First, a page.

Short History Of Waikiki

It's hard to imagine, but at one time there were no hotels in Waikiki. The area was mostly marshland, at times a place where royalty hung out. But over the years there have been movies made about it, with stories of romance unfolding on its beaches. Waikiki...the feature of this weeks Lucky You Live Hawaii.

It's the engine that drives Hawaii's economy but before there were hotels and visitors lining the beaches, Waikiki was a vast marshland. The early Hawaiians turned it into taro fields and fishponds.

Take the daily walking tour of Waikiki and you'll learn about Kamehameha the Great who loved to spend time here. You'll also hear some strange tales.

"This was actually like a heeiau in this area. Dedicated to a chicken god."

The first hotels in Waikiki were bathhouses. In the 1880's they offered rooms for overnight stays. The Moana is Waikiki's first resort. It opened in 1901 and at the time was the tallest building in the state.

It's hard to imagine, but by 1900 surfing had nearly died out in Waikiki. The missionaries thought it was a waste of time.

"It was almost banned. And at one time only royalty could surf. Or at least when the commoners surfed with the royalty they couldn't be on the same wave at the same time," says Cha Thompson of the Native Hawaiian Hospitality Association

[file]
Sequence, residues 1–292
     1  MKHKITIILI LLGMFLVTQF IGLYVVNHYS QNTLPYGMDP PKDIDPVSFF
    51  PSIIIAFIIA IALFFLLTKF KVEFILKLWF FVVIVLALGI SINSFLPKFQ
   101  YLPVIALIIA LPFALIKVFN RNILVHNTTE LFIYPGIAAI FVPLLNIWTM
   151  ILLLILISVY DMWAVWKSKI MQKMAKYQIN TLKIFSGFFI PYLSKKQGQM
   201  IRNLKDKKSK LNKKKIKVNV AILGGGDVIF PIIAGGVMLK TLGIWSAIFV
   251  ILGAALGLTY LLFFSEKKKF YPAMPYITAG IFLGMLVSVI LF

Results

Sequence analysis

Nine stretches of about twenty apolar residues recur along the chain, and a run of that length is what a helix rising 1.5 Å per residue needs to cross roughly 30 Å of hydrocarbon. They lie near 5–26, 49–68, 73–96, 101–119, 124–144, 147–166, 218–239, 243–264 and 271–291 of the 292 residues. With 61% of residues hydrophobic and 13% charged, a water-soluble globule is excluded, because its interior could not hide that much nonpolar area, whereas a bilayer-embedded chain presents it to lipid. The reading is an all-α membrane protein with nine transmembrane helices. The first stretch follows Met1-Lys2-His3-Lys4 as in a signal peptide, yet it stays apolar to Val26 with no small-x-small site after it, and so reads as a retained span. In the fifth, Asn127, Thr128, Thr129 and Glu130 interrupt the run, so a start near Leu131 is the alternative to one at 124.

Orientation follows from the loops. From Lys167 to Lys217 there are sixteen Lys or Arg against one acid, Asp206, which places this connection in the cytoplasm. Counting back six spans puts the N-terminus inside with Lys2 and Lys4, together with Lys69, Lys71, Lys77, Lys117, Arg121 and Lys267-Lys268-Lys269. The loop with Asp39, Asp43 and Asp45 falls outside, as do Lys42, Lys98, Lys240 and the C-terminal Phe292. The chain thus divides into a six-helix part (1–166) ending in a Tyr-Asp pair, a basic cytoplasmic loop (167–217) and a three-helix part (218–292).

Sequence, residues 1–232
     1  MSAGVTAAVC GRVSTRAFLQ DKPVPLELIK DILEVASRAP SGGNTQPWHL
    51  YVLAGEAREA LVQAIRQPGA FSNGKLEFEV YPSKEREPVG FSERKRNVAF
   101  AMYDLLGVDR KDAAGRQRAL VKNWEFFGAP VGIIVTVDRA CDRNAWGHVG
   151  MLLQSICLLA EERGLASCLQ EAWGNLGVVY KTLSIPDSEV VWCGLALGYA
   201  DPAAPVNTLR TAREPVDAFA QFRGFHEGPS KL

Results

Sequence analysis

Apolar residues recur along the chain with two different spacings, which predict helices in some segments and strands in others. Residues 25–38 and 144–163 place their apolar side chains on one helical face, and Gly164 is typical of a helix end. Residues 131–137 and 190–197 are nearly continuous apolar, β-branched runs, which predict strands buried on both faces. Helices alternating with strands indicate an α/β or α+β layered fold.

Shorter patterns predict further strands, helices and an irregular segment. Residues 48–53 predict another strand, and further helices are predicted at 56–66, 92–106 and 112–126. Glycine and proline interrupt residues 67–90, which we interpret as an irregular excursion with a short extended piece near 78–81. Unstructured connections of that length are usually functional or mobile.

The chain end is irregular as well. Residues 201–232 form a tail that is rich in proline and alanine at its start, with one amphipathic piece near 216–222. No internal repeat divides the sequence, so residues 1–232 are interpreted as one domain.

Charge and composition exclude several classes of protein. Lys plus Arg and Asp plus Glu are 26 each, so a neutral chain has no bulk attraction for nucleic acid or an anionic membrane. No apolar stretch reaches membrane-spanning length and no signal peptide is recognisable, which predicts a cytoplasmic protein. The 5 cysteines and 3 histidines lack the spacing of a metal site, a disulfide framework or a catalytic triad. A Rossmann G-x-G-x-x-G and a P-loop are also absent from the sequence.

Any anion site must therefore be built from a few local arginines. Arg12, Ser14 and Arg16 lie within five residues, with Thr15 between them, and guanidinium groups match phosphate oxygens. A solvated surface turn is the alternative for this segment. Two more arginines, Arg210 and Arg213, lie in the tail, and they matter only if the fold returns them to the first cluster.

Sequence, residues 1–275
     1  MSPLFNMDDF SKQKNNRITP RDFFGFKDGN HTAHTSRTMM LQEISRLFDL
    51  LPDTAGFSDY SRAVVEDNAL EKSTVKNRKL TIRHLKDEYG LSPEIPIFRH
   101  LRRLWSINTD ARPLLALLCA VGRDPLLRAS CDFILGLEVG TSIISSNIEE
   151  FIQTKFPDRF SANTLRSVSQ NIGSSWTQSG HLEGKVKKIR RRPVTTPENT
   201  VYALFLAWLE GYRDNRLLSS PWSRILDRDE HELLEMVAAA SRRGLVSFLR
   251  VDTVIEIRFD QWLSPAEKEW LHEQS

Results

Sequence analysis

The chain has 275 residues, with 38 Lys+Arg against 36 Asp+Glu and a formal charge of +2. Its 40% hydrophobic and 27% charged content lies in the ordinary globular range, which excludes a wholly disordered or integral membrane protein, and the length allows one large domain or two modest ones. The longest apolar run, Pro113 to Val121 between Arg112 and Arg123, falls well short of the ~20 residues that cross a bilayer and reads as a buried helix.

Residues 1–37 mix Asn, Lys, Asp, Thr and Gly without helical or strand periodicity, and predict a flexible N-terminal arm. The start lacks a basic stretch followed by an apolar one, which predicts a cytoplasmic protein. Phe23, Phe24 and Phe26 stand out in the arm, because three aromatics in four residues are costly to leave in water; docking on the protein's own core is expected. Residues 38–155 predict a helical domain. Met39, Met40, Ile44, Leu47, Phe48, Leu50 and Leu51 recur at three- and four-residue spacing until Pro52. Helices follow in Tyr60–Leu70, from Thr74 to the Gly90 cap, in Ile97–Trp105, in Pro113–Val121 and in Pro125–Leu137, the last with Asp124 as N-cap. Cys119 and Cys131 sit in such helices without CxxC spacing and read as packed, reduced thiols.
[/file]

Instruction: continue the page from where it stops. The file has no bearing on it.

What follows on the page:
That's when a group of Honolulu residents formed the Outrigger Canoe Club to preserve the sport of board riding and canoe paddling. Most of us know about the accomplishments of surfer and olympic swimming champion, Duke Kahanamoku.

"He started swimming here in Waikiki as just a little boy growing up," says Thompson.

But did you know that from 1934 to 1960 the Duke was Honolulu's sheriff.

"Deliver summons, mostly make peace though. He went in especially during domestic times between a husband and wife, he made peace. He had that gentle spirit about him," says Thompson.

And while it disappeared years ago, Queens Surf was one of Honolulu's most popular nightclubs in the 50's and 60's. (

"That was the favorite watering hole of the locals and the visitors alike. It just had the atmosphere of a real real Polynesian paradise," says Thompson.

Today Waikiki offers something for everyone. Visitors and locals hit the water to surf. The names of Kamehameha and Kahanamoku have been joined by Ferragamo, Cartier, and Louis Vuitton. A coexistence that gives Waikiki a special spirit and romance and just one more reason you are so Lucky You Live Hawaii.

If you'd like more information on the Waikiki walking tours you can call the Native Hawaiian Hospitality Association at 737-6442.

And if you know of a person, place, or thing that makes us lucky we live Hawaii, we'd like to share them with our viewers. E-mail your suggestions to Lyle Galdeira (lgaldeira@khnl.com)